Frequently Asked Questions
What is my "COC"?
This refers to your "Certificate of Coverage." The COC is the documentation showing the facility is covered under one of our General Permits. The General Permit is the same for all facilities covered by that permit. The COC issued to the facility contains a unique COC number, site location, receiving waters (for NPDES permits), and sometimes details about authorized discharges. For example, a facility covered under NPDES General Permit NCG030000 may have a COC No. NCG030777.
You must send a letter to DEMLR Stormwater Permitting staff to request recission. You should send the letter to our mailing address, and you must specify the individual permit or COC number. You may also use the Rescission Form on the NPDES Stormwater Section of our website (see the 'Application Forms' tab). Please note that we coordinate with the Regional Office to process the request, which can take about two months.
Facilities with stormwater discharges "associated with industrial activity" may be excluded from permit coverage if industrial materials and operations are not exposed to stormwater. For more information, see the No Exposure section of our website.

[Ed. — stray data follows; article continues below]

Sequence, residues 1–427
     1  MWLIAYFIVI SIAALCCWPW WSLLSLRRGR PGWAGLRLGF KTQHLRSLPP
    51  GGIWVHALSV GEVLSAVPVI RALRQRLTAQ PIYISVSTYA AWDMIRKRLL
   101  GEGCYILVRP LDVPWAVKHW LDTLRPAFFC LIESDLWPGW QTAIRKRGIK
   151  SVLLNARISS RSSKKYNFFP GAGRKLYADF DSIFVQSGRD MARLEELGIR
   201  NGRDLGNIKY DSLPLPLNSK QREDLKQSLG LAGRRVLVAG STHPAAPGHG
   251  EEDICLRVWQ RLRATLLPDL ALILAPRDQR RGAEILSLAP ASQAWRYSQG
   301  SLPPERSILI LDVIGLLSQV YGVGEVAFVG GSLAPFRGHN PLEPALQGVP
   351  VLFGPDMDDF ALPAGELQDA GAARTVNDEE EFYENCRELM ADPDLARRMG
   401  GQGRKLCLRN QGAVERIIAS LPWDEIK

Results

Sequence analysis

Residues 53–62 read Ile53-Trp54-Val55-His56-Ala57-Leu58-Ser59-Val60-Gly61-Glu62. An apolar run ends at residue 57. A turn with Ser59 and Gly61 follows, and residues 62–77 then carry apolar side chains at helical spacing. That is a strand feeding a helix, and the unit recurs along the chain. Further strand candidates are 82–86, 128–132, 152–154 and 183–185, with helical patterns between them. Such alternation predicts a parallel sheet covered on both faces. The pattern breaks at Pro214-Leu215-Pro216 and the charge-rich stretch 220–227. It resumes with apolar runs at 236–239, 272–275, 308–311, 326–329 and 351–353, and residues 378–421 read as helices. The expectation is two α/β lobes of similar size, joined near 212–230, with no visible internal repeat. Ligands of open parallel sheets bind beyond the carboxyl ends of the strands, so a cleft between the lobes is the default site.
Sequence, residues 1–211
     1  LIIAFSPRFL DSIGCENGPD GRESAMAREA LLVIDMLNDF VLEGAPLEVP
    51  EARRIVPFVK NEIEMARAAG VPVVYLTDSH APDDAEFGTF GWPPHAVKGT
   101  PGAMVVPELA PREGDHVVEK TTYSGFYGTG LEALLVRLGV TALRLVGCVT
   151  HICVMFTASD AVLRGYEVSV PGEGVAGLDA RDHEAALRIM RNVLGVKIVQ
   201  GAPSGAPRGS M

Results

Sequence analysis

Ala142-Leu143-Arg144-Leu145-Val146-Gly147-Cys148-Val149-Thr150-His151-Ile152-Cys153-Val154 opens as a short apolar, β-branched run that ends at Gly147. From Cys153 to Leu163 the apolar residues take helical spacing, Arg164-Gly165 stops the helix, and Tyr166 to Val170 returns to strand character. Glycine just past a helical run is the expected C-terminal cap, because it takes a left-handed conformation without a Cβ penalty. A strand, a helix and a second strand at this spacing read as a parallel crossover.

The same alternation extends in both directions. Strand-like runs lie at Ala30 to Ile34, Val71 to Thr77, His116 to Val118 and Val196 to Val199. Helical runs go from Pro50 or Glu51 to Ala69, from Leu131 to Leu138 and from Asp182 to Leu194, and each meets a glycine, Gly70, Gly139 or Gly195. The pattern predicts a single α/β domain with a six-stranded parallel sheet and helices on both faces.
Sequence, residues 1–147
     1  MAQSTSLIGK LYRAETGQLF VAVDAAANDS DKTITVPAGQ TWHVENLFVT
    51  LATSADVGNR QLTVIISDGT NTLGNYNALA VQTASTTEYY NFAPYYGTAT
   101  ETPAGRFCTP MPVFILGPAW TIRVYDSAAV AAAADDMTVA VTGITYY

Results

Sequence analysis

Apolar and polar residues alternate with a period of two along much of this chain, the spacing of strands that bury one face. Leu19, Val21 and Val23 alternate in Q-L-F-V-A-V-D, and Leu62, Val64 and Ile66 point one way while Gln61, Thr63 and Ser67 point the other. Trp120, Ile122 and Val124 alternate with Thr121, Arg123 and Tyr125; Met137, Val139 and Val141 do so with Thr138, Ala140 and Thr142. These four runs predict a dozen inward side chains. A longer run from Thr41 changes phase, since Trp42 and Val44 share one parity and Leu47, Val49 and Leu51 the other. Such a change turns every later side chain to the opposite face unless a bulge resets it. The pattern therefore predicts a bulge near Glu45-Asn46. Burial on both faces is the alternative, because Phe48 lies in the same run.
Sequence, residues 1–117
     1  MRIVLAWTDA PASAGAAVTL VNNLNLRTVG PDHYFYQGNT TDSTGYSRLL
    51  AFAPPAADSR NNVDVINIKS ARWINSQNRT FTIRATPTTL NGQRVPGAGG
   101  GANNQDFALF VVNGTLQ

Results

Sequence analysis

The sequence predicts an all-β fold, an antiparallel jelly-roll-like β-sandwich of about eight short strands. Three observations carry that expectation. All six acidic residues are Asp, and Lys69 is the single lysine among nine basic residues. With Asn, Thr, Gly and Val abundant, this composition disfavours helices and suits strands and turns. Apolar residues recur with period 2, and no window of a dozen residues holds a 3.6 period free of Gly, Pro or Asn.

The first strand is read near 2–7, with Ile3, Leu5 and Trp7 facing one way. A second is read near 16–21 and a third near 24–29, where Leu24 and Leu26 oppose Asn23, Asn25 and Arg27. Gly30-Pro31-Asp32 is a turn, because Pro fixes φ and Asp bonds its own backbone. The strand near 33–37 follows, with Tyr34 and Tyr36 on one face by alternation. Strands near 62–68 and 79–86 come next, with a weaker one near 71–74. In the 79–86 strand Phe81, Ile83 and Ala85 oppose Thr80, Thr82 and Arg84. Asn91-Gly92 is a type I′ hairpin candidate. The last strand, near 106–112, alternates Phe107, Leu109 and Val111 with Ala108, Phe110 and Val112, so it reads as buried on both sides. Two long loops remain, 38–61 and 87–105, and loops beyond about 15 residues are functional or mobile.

“Post-construction” refers to permanent stormwater management measures that will stay in place once the project is built—not just during construction. In North Carolina, the State Stormwater Permitting Program permits built-upon area (impervious surfaces) resulting from development projects. Permitting involves review and approval of any engineered stormwater best management practices (BMPs), such as bioretention basins. There are also several locally administered programs across North Carolina that require development projects to meet post-construction stormwater requirements (Water Supply Protection Program, for example).